"Weight loss medications helped people lose weight, as did a program of lifestyle modification designed to improve eating and exercise habits. However, we found that a combination of the two approaches produced approximately twice the weight loss of either intervention used alone," reported Thomas A. Wadden, Ph.D., lead author of the paper and director of the Weight and Eating Disorders Program at Penn. The research was supported by the National Institute of Diabetes and Digestive and Kidney Disease, one of the National Institutes of Health.
The one-year study examined 180 women and 44 men with an average age of 44 years, weight of 235 lb., and body mass index of 37.7 kg/m2. Participants were randomly assigned to one of four treatment groups, all of which were instructed to consume 1200-1500 calories a day and to exercise 30 minutes a day, most days of the week.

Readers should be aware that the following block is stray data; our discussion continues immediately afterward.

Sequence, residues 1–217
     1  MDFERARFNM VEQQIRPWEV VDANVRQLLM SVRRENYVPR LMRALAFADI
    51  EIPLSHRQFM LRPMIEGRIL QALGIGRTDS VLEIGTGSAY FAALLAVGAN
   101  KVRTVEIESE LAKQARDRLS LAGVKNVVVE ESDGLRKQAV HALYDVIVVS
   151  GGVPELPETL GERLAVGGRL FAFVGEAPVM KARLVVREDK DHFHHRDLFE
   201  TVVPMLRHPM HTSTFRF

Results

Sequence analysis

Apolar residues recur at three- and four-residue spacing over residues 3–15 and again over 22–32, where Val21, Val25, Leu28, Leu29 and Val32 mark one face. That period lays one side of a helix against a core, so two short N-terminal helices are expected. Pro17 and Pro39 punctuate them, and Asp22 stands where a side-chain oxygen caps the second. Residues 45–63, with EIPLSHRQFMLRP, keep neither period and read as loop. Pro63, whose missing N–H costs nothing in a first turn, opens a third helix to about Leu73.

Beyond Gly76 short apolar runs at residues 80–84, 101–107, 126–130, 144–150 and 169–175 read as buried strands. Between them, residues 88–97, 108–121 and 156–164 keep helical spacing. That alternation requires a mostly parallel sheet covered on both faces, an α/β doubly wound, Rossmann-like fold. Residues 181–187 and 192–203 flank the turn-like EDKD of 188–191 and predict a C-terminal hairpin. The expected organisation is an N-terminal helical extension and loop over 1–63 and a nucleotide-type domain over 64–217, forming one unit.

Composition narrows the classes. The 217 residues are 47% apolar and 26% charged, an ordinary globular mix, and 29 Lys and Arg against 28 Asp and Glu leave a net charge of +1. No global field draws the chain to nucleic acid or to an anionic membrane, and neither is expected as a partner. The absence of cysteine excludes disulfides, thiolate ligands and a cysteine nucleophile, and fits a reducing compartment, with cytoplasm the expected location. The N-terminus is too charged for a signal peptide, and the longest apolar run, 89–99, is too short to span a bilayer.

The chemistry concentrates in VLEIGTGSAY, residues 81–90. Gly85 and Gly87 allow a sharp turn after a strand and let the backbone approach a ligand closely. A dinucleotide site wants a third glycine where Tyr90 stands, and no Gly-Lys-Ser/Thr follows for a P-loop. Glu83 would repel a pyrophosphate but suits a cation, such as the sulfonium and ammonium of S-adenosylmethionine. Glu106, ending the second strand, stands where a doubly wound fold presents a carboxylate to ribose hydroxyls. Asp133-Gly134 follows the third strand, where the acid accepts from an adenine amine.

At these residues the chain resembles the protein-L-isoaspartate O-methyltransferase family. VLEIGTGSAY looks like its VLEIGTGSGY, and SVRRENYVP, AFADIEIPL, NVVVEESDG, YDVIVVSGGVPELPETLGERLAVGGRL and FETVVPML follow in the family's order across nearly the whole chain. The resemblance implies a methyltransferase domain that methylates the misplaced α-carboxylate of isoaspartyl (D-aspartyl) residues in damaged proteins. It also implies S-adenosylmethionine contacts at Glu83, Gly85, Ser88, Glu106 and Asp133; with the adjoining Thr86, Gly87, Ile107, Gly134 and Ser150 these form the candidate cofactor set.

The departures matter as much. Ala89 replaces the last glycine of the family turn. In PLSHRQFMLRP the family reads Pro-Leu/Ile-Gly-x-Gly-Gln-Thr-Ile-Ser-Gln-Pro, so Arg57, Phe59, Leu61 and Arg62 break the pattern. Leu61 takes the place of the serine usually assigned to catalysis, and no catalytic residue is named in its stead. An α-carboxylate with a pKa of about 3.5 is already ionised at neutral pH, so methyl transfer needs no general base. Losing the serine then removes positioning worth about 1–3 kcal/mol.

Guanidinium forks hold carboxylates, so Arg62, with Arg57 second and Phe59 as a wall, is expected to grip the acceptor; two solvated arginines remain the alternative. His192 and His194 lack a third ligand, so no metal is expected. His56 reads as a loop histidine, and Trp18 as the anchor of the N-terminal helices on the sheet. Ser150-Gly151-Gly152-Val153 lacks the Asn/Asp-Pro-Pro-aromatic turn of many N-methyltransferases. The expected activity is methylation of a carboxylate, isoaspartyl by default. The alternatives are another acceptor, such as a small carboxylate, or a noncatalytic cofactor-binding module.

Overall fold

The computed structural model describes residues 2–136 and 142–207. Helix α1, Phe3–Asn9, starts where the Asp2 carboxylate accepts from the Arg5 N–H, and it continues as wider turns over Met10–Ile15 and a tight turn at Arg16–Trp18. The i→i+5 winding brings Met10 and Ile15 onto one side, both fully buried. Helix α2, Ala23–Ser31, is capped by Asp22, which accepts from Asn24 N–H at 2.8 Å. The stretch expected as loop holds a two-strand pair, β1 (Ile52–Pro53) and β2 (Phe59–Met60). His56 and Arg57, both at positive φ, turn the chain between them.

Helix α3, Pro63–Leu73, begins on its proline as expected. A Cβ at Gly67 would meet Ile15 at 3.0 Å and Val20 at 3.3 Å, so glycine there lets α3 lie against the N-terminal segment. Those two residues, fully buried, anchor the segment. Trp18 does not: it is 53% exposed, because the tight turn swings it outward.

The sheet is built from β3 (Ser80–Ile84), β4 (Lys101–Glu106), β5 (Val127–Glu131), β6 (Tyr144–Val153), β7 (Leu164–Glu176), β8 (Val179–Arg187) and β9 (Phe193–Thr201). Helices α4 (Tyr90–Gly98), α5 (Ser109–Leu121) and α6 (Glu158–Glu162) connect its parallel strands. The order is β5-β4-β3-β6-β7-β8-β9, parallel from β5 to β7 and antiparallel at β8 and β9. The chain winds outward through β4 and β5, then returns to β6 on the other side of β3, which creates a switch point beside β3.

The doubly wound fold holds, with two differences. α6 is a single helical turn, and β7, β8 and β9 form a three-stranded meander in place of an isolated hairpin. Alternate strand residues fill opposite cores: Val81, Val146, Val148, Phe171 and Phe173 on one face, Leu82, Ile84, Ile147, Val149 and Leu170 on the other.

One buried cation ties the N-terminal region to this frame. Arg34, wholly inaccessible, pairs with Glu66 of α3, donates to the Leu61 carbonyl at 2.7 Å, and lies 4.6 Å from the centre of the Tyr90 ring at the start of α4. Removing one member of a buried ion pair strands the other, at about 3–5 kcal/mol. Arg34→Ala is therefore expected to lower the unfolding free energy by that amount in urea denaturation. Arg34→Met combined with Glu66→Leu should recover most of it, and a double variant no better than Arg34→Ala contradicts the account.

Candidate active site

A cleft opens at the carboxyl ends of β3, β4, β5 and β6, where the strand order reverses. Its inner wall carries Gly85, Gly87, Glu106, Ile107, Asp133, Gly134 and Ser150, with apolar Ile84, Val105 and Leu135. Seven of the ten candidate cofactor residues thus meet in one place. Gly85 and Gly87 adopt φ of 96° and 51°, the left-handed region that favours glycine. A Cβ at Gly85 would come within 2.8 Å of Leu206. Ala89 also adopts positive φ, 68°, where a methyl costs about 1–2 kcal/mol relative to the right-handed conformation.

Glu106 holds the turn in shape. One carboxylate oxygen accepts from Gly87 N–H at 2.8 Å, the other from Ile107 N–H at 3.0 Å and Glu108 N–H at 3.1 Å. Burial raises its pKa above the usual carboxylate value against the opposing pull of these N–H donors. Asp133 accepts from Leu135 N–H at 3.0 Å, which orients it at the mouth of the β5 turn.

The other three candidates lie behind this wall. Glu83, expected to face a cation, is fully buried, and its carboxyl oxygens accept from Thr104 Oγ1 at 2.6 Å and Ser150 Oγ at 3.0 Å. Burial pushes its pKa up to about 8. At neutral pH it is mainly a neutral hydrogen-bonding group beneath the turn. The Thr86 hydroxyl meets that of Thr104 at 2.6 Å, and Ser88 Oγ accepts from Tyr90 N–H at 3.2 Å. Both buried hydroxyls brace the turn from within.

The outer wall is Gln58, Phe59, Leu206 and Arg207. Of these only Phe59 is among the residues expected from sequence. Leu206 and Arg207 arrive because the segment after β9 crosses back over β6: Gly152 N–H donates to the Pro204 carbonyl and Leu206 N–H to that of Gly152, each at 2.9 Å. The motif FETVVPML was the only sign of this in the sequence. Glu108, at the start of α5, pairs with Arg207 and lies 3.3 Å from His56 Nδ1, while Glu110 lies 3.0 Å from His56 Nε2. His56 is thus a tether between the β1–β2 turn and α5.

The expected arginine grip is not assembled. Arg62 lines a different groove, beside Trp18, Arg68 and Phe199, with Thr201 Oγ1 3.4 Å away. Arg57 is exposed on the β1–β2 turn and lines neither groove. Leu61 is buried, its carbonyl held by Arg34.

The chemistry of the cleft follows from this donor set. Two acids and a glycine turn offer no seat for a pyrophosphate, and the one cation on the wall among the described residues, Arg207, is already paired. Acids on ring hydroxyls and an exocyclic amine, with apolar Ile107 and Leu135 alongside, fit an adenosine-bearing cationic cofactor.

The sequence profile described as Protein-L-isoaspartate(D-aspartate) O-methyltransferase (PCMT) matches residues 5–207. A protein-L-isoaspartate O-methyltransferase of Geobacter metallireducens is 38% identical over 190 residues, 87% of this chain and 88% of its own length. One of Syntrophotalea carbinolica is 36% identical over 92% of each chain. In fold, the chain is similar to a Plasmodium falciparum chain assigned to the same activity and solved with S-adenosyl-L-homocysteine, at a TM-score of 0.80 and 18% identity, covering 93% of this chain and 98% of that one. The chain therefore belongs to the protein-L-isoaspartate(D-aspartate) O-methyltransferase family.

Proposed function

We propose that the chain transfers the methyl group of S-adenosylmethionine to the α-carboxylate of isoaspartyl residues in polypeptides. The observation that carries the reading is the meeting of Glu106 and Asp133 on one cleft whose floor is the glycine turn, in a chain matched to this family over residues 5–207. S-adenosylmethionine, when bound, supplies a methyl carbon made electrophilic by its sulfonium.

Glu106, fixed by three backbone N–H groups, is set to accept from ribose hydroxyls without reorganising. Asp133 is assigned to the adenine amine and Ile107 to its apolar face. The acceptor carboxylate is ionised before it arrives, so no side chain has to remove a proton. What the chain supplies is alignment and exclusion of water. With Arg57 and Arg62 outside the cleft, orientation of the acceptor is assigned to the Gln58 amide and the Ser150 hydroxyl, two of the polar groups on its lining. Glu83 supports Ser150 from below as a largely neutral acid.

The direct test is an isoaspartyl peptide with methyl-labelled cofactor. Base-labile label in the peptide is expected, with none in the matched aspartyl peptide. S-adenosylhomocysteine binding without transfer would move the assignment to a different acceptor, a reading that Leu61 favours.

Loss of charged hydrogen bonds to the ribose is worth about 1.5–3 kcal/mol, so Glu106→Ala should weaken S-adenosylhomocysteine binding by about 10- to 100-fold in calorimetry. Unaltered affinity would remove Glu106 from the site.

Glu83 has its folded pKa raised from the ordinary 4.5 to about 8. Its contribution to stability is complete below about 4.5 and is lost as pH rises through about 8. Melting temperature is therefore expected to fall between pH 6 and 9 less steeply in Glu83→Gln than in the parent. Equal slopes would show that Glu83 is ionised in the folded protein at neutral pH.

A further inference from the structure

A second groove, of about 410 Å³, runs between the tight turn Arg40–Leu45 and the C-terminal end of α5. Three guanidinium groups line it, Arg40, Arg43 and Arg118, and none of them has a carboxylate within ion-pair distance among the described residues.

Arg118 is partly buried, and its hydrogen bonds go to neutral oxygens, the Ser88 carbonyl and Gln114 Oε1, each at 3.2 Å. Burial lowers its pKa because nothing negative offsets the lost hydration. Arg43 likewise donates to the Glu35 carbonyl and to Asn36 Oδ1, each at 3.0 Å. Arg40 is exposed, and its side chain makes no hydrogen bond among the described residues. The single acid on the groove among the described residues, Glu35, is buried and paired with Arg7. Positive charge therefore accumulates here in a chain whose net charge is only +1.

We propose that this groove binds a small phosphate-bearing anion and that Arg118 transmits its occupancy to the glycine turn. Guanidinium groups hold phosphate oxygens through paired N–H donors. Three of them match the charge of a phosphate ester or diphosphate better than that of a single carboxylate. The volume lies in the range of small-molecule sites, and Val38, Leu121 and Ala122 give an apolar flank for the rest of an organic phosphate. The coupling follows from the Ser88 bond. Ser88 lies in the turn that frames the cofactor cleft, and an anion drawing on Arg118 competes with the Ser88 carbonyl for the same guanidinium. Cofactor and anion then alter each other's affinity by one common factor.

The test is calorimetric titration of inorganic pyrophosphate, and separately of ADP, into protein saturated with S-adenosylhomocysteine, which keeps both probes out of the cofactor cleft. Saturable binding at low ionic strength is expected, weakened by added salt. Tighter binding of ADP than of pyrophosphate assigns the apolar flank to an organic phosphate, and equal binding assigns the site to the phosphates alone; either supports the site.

Participants in the first group were prescribed 10-15 mg/d of the weight loss medication sibutramine (MERIDIATM, Abbott Laboratories) and had 8 brief (10-15 min) visits during the year with a primary care practitioner. These individuals received minimal instruction in lifestyle modification, consistent with the manner in which most physicians prescribe weight loss medications.
Individuals in the second group received group lifestyle modification alone, which is recommended as the first step of treatment for all overweight and obese individuals. They attended a total of 30 group sessions (90 minutes each) over the year and were instructed to keep daily r
Contact: Kate Olderman
University of Pennsylvania School of Medicine